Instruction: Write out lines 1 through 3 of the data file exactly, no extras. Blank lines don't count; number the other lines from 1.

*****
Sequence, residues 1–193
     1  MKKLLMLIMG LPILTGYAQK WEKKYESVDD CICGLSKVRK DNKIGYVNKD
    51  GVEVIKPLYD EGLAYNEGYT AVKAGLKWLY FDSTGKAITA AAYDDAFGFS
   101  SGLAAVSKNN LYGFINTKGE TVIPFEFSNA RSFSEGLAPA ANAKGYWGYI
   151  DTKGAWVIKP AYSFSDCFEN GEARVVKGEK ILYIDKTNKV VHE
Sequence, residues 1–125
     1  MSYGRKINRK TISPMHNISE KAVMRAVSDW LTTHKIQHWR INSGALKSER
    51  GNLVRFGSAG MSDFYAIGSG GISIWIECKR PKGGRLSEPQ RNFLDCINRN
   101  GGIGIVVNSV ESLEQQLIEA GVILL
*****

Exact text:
Sequence, residues 1–193
     1  MKKLLMLIMG LPILTGYAQK WEKKYESVDD CICGLSKVRK DNKIGYVNKD
    51  GVEVIKPLYD EGLAYNEGYT AVKAGLKWLY FDSTGKAITA AAYDDAFGFS